Saturday, March 31, 2012



Richard Doddridge Blackmore

Clive Owen

"Lorna Doone: A Romance Of Exmoor"

Alternate TV Dimension
(The 1963 televersion is the one for Earth Prime-Time.)

Multiversal Recastaway

From Wikipedia:
Lorna Doone: A Romance of Exmoor is a novel by Richard Doddridge Blackmore. It is a romance based on a group of historical characters and set in the late 17th century in Devon and Somerset, particularly around the East Lyn Valley area of Exmoor.

The narrator, John Ridd, says he was born on 29 November 1661; in Chapter 24, he mentions Queen Anne as the current monarch, so the time of narration is 1702–1714 making him 40–52 years old. Although he celebrates New Year's Day on 1 January, at that time in England the year in terms of A.D. "begins" Annunciation Style on 25 March, so 14 February 1676 would still be 1675 according to the old reckoning.

John (in West Country dialect, pronounced "Jan") Ridd is the son of a respectable farmer who was murdered in cold blood by one of the notorious Doone clan, a once noble family, now outlaws, in the isolated Doone Valley. Battling his desire for revenge, John also grows into a respectable farmer and takes good care of his mother and two sisters. He falls hopelessly in love with Lorna, a girl he meets by accident, who turns out to be not only (apparently) the granddaughter of Sir Ensor Doone (lord of the Doones), but destined to marry (against her will) the impetuous, menacing, and now jealous heir of the Doone Valley, Carver Doone. Carver will let nothing get in the way of his marriage to Lorna, which he plans to force upon her once Sir Ensor dies and he comes into his inheritance.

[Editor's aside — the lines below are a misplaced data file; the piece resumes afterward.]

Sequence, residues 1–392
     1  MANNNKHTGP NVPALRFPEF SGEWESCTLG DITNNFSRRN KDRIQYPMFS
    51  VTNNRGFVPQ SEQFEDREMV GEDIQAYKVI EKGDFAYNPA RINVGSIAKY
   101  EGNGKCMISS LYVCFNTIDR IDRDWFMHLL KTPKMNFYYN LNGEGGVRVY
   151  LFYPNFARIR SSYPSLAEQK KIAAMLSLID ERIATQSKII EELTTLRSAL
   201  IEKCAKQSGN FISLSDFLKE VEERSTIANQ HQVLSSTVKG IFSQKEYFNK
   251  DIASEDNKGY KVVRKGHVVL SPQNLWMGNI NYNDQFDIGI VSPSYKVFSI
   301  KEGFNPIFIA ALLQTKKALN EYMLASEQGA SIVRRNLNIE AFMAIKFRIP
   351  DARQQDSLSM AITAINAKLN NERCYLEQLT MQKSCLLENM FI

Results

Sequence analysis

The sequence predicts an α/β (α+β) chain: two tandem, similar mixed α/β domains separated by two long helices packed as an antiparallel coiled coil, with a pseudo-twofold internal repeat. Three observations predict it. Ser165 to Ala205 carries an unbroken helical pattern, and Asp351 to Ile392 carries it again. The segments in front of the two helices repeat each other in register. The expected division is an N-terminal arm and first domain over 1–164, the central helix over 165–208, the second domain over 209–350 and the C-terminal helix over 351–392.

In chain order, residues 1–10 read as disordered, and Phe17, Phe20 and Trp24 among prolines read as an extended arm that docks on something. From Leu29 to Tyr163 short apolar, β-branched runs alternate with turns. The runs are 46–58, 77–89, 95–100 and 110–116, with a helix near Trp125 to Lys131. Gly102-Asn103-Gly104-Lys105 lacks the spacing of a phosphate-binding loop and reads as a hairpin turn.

From the Source:
"What is your name?" she said, as if she had every right to ask me; "and how did you come here, and what are these wet things in this great bag?" [58]

My name is John Ridd. What is your name?"

"Lorna Doone," she answered, in a low voice, as if afraid of it, and hanging her head so that I could see only her forehead and eyelashes; "if you please, my name is Lorna Doone; and I thought you must have known it."

Then I stood up and touched her hand, and tried to make her look at me; but she only turned away the more. Young and harmless as she was, her name alone made guilt of her. Nevertheless I could not help looking at her tenderly, and the more when her blushes turned into tears, and her tears to long, low sobs.

"Don't cry," I said, "whatever you do. I am sure you have never done any harm. I will give you all my fish Lorna, and catch some more for mother; only don't be angry with me."

She flung her little soft arms up in the passion of her tears, and looked at me so piteously, that what did I do but kiss her. It seemed to be a very odd thing, when I came to think of it, because I hated kissing so, as all honest boys must do. But she touched my heart with a sudden delight, like a cowslip-blossom (although there were none to be seen yet), and the sweetest flowers of spring.

She gave me no encouragement, as my mother in her place would have done; nay, she even wiped her lips (which methought was rather rude of her), and drew away.


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